The action was great in this and the book is full of cool monsters, my favorite of which was a large three headed rat that looked like a rodent Cerberus.

Blood of a God also has several nods to older Conan and Red Sonja stories.

The way that the story comes together at the end and concludes was really cool.

I read through this pretty quickly. Actually, while sitting in a busy restaurant waiting too damn long for some Buffalo wings.

In the end, this was exciting, badass and hit the mark.

Rating: 7.75/10
Pairs well with: other Red Sonja and Conan comics from Dynamite Entertainment.

Film Review: The Sword and the Sorcerer (1982)

Release Date: April 30th, 1982
Directed by: Albert Pyun
Written by: Albert Pyun, Tom Karnowski, John V. Stuckmeyer
Music by: David Whitaker
Cast: Lee Horsley, Kathleen Beller, Simon MacCorkindale, George Maharis, Richard Lynch

Sorcerer Productions, Group 1 International Distribution Organization Ltd., 100 Minutes

Review:

“I will allow you to live as long as you serve me. Betray me, and I will joyfully send you back to rot in hell.” – Titus Cromwell

This was the first feature film directed by Albert Pyun, who would go on to direct such hits as CyborgCaptain AmericaKickboxer 2Kickboxer 4 and Arcade. Okay, I’m being sarcastic. I figured I’d have to point that out, as people’s sarcasm detectors don’t seem to work as well these days.

Anyway, this is a sword and sorcery movie that came out at the height of sword and sorcery movies.

That being said, this can’t compete with films like Conan the Barbarian or The Beastmaster but it has some impressive stuff in it.

First off, the bad guy is cool as hell and the opening scene that sees him come to life was well crafted for a motion picture with no budget. The walls of the pit he was in were made up of faces and it was just creepy as hell and looked damn good. Also, I liked the look of the bad guy in his true form and there’s this really cool bit where he rips a witch’s heart out of her chest, pulling it into his fist with telekinesis.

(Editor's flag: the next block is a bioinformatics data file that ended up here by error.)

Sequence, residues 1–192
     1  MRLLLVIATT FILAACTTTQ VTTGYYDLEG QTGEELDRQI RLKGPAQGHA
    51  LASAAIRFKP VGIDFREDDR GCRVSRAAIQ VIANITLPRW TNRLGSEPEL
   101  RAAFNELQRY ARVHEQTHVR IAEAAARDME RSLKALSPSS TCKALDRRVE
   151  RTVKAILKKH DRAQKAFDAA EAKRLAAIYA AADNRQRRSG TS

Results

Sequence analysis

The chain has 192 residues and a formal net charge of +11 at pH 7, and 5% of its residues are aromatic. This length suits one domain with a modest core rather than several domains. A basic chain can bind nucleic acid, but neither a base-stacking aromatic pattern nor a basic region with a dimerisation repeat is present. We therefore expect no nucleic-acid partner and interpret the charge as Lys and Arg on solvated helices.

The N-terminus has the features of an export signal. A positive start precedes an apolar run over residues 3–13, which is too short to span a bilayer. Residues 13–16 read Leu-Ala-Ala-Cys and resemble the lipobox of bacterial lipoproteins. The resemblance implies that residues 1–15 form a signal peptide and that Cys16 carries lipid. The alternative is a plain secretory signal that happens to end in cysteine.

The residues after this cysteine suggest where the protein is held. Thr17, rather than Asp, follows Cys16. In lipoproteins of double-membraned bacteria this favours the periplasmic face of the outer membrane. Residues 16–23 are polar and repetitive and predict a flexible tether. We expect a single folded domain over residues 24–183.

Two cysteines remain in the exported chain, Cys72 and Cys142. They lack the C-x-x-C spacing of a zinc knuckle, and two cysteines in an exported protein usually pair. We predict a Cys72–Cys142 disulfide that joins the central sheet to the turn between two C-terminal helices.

Also, the hero has a three bladed sword. That may seem impractical and silly but it actually shoots it’s blades like the friggin’ sword from The Legend of Zelda. Granted, they’re actual blades and not some sort of energy projection but it’s a neat idea and it works for what this film is, an imaginative but kind of hokey, violent fantasy film.

There is no one of note in the movie and with that, the acting is definitely subpar. But it’s not so terrible that you feel the need to laugh at it.

The biggest problem with the film is that it has a lot of slower, filler moments and those get quite boring. The highpoints are solid and fun but there isn’t enough of them to make this a better than average film.

People may see this and think it’s terrible and I can’t argue that it’s not. But if you pay attention to the little things that add a level of real sword and sorcery coolness to this picture, it’s an enjoyable experience for fans of the genre. The good parts are much better than the bad parts are bad. I just wish it had more of the good bits.

Rating: 5/10
Pairs well with: other sword and sorcery films of the early ’80s.

Comic Review: Red Sonja Vs. Thulsa Doom

Published: November 1st, 2006
Written by: Peter David, Luke Lieberman
Art by: Will Conrad
Based on: characters by Robert E. Howard, Roy Thomas, Barry Windsor-Smith

Dynamite Entertainment, 129 Pages

Review:

Since both Red Sonja and Conan have had new comics series start over the last few months, I’ve been in a barbarian kind of mood. I especially love the characters that have come from or evolved out of the original stories of Robert E. Howard.

While the comic book version of Red Sonja was created by Roy Thomas and Barry Windsor-Smith, she is partially based on Howard’s Red Sonya of Rogatino and has often times fought alongside Howard’s most famous hero, Conan the Barbarian.

In this story, we don’t see Red Sonja alongside Conan but we do get to see her face off with one of Conan’s villains, Thulsa Doom. And what I love about this version of Doom, is that he sometimes takes on the appearance of the James Earl Jones version of the character from the 1982 Conan movie but also disguises himself as a tall, brutish man. Yes, he also still transforms into a giant snake.

This story was written by Peter David and Luke Lieberman. David was one of my favorite writers a decade and a half before this when he was working on one of the greatest runs on The Incredible Hulk and also wrote some of my favorite X-Factor stories.

Here, David does a superb job of bringing these characters together in a way that was pretty unique and creative. It’s easy to just make one character good, one character bad and then pit them against each other. David did a solid job of making Doom use his guile to get the upper hand over Sonja when her guard was down.